Friday, December 08, 2017


Andy Brooks at UCL
by New Worker correspondent
New Communist Party (NCP) leader Andy Brooks successfully led the opposition to an anti-communist motion at a students’ union discussion at the Bloomsbury Campus of University College London (UCL) this week.
The UCL Debating Society is the oldest society at UCL and the third oldest debating society in England. The event was part of their Monday Night Public Debate Programme, which aims to raise awareness of key current issues and challenge people’s opinions.
The organisers said that given that many commentators are predicting the end of neoliberalism and the rise of socialism’s popularity in Britain, there was now a need to explore why so many right-wing thinkers are try to create a moral equivalence between fascism and communism and demonise the ideology’s symbol. They said that further discussion on this topic is required and that a large part of the responsibility for doing so lies in universities and student societies, such as the UCL Debating Society, that reach the entire student body.
The motion that "This House believes that the Hammer and Sickle should be considered a hate symbol” was moved by representatives of the reactionary Henry Jackson Society and the Institute of Economic Affairs, another right-wing think-tank.
The movers repeated the usual Cold War litany about Stalin’s “crimes”, Pol Pot, gulags and “repression” – but their arguments were easily demolished by Andy Brooks, whose case was ably supported by another London student.
The NCP leader said that the banning of communist symbols was the precursor for banning communist parties that wasn’t even done in the imperialist heartlands during the height of the Cold War. It was being done now by the Ukrainian fascist regime and the other reactionary governments in eastern Europe because they fear the resurgence of the working-class movement and seek to suppress it by using back-door methods to circumvent European law that forbids the banning of political parties or the establishment of one-party states. Though these regimes equate communism with fascism they don’t really believe this – if they did they wouldn’t elevate their past fascist leaders, such as the Ukrainian collaborators idolised by the Kiev regime, or the pre-war clerical-fascist leaders of Poland and Hungary who have now been incorporated into their official historical narrative.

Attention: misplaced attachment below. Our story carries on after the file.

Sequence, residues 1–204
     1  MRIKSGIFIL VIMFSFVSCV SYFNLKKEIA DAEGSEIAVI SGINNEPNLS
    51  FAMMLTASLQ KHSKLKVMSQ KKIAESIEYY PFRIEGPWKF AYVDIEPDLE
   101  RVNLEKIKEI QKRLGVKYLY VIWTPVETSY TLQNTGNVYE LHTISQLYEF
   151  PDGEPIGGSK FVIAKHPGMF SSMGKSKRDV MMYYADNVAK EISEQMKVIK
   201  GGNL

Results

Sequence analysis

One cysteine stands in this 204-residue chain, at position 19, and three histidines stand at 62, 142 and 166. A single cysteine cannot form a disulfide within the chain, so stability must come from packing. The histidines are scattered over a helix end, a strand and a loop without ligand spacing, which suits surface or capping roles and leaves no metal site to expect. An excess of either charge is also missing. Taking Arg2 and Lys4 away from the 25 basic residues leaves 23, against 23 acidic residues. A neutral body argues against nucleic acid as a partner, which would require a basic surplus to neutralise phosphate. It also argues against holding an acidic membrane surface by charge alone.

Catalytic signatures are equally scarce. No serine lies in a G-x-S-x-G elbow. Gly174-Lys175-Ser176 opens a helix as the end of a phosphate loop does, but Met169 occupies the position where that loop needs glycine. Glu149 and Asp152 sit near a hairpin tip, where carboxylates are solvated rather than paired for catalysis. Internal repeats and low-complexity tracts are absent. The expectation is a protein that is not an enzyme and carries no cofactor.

A lively debate followed the openings, but the opposition had clearly won the day and it ended with the defeat of the reactionary motion at the vote.
The UCL Debating Society was first established in 1828 to encourage debate, freedom of speech and critical thought amongst the student community. It holds regular meetings throughout the academic year that are open to anyone who wishes to attend.

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